CHVRCHES: The Pop Underdog Worth Betting On

CHVRCHES' two night stint at the Danforth Music hall was a shimmering success

With the deep pulses and collision of beats buried in the background beneath her, Lauren Mayberry comes forward out of CHVRCHES’ glowing backdrops. In that moment she stretches and stretches, towering upwards, as if her heart pumping in time to “Keep You On My Side” is somehow forcing her to become something else, something bigger. And it is. It’s only the first song of the night, and stage and sound have transformed her from the diminutive Scot one sees in YouTube interviews to a bouncy, twisting storm, no less than eight feet tall, hard black boots setting her steady into place as the music implodes and in a blink, silence, darkness.

Flanked by Iain Cook and Martin Doherty, Mayberry is a special kind of ‘pop’ star, and CHVRCHES is a special kind of ‘pop’ group. Their songs could go 12 rounds with any of their more sugary Top 40 counterparts and come out on top, not only because of what some might call edge—they have it, same as razors—but also thanks to the Scottish band’s ability to craft electric blue hooks. But aural glitz is only a small part of their magic.


(Photo by Nick Tiringer)

Case in point, next tune “We Sink”: a heartbreaker of a hit sprinkled with the kind of emotion that wrenches an ache in yer bones, wedges the knife between yer ribs and looks you in the eye as it twists it and you bleed out together (and remember, this is only song two!). Gone are the modern pop cliches and in is the honesty, the bareness, the bones that build what someone might refer to as ‘stomach music’—the kind of sounds and feelings that waste no time worming into your heart or mind, but forces itself into your stomach. It elicits a physical reaction.

You can see this in Mayberry herself, as an avatar of the whole phenomenon. She sparkles—literally, her top sparkles—but that is about where her common step with other pop stars ends. Tonight, at least, she gives off a utilitarian air: set up for nothing but kinetics, and working like a machine. Where most pop stars find a way, somehow, to make what they do look easy (it’s not), Mayberry is the complete opposite. When she works, you can see her work. The forceful physical performance, backed by unscripted stage banter and a tendency to (rightfully) put sexist neanderthals in their place, is more punk rock than anything else. More punk rock, in fact, than a lot of bands masquerading as punk rock these days. Mayberry refuses to mince words, opting to flip off bros instead of suffer their shit or ‘take it easy,’ and that is—unfortunately, in 2015—significantly political and deeply valuable. She is our dark horse pop superstar, and far from perfect: her voice isn’t always 100% on, it shakes, it waivers, it’s real, she’s moving, shaking, stomping, twisting, fighting for every note, gasping for breath, catching it, and you can hear that, and it makes the whole thing that much better, because you know there’s no curtain to pull back and find something else producing that beautiful noise.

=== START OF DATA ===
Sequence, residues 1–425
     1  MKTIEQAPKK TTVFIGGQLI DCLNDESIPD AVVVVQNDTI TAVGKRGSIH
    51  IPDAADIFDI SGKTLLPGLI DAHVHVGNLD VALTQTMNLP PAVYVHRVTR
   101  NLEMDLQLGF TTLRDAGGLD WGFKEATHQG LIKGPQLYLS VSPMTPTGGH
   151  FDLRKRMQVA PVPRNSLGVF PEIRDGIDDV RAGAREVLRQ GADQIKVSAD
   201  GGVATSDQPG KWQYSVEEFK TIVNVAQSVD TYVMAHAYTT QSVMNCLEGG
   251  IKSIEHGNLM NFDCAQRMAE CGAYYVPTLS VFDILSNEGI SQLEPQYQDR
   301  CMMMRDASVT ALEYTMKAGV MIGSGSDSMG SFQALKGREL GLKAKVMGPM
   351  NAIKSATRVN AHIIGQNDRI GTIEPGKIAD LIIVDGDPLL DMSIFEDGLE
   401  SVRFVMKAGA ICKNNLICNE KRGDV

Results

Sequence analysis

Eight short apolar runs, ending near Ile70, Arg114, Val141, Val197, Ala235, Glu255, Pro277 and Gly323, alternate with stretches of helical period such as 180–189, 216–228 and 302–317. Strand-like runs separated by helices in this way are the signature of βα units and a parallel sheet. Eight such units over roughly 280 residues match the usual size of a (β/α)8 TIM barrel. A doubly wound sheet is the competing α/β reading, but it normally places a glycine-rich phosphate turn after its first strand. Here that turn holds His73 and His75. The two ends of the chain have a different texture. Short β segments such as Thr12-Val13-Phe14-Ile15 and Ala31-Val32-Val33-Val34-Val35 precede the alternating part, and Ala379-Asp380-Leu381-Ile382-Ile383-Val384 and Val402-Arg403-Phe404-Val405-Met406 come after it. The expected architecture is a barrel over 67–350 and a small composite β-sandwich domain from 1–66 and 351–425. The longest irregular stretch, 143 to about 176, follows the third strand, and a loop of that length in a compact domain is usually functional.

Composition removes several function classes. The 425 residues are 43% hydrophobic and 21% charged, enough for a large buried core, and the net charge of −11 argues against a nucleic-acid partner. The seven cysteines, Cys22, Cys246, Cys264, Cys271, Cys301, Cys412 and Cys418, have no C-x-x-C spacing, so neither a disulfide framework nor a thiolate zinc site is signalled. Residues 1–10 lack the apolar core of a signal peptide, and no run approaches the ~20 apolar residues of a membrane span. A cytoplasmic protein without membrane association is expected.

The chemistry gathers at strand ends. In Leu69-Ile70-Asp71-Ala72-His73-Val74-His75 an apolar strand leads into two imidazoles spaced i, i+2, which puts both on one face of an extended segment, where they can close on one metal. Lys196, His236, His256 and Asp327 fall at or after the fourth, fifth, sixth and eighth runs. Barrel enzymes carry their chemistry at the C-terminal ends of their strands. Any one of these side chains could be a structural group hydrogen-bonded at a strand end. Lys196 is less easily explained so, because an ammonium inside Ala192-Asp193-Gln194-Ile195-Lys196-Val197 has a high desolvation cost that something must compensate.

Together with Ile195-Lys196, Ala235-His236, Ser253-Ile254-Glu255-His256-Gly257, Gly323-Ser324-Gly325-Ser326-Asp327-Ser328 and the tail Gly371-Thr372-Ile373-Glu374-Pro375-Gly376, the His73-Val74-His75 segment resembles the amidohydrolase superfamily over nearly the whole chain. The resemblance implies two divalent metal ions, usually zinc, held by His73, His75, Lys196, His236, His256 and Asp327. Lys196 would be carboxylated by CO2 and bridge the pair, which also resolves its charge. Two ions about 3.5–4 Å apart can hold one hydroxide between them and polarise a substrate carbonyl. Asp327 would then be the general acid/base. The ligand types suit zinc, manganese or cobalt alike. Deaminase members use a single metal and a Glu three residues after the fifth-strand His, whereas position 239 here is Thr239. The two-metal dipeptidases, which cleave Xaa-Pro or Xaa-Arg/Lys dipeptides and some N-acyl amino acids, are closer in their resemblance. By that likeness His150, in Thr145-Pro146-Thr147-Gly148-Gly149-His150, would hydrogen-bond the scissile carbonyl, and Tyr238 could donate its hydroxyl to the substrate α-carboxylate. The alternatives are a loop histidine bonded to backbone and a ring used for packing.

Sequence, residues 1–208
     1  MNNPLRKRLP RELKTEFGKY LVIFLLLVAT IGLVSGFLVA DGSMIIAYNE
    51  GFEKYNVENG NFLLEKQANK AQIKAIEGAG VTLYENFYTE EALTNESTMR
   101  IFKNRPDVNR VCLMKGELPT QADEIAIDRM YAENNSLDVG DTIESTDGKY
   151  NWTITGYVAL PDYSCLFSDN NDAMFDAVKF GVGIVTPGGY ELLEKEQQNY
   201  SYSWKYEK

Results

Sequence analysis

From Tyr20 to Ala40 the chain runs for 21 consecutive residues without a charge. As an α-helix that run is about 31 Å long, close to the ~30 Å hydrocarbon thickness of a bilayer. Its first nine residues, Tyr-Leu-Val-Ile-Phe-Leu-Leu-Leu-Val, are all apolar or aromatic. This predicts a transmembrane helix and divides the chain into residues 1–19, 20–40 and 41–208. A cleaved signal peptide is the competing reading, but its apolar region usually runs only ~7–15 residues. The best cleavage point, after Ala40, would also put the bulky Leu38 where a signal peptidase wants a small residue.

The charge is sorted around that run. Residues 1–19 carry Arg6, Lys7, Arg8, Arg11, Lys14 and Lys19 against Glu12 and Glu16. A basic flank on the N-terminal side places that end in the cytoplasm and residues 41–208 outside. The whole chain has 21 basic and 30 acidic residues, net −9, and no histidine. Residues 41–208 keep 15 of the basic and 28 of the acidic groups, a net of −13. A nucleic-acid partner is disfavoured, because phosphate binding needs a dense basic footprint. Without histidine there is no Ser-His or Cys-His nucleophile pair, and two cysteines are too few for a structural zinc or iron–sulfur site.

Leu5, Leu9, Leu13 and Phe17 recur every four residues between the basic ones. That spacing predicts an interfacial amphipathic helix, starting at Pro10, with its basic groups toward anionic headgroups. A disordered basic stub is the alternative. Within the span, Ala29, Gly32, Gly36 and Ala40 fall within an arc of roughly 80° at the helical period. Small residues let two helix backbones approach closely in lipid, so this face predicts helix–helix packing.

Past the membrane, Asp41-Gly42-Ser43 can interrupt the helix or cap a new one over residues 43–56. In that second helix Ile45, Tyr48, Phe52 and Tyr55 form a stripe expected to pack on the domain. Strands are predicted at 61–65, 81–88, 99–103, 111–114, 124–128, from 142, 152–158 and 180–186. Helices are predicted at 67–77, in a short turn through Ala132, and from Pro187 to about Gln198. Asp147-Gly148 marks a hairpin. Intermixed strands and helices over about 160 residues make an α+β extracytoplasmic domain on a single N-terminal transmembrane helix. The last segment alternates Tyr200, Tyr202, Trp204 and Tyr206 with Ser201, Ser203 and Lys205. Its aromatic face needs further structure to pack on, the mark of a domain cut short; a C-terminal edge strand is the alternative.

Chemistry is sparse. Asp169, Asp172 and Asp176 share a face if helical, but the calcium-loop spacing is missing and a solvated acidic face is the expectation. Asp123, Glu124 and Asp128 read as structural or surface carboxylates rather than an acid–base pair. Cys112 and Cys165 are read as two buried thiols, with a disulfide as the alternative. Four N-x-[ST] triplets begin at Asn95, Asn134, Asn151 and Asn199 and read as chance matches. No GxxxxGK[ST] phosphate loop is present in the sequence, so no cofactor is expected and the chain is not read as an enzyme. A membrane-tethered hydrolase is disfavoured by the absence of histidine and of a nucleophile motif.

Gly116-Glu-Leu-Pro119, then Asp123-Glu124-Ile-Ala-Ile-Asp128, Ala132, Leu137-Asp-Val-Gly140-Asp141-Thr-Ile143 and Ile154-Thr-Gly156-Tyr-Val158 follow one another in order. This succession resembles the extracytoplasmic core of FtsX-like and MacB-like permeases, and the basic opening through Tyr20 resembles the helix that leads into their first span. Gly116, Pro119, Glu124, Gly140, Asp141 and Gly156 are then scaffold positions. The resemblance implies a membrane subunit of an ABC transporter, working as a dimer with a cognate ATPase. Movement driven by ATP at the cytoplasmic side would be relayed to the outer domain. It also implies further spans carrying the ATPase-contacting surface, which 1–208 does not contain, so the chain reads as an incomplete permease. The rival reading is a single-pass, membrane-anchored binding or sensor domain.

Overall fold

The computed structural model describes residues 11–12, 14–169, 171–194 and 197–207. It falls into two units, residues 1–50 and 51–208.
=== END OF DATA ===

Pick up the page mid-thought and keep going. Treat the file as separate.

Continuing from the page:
(Photo by Nick Tiringer)

And this all might—still! Somehow!—be unremarkable, save for the fact that almost every CHVRCHES song is stadium-sized: the heaving dystopia of “Science/Visions”, the sparkle and smack of “Gun”, the triumphant push of “Leave a Trace”, all of which are featured tonight in brilliant light-up, technicolour sound. The last of those songs leaves a stage swathed in blues, and CHVRCHES exits to ear-splitting applause and screams, the likes of which don’t ebb one bit, not until the ocean swell of the gorgeous “Afterglow”, which brings out a few actual lighters (which never happens at the Danforth). It all ends with the song that alerted many to the band’s excellence in the first place: “The Mother We Share”, played at what sounds like a volume at least 25 percent louder than the rest of the set.


(Photo by Nick Tiringer)

It might hardly be breaking new ground, or even necessary at this point to say it, but CHVRCHES is a pop underdog worth betting on, and Lauren Mayberry might be not only the hero we deserve, but absolutely one we desperately need. And as she steps backstage and shrinks back to regular human size, it’s not difficult to imagine that the next time we see her, she’ll be even taller, standing on a high stage somewhere more the size of the Air Canada Centre.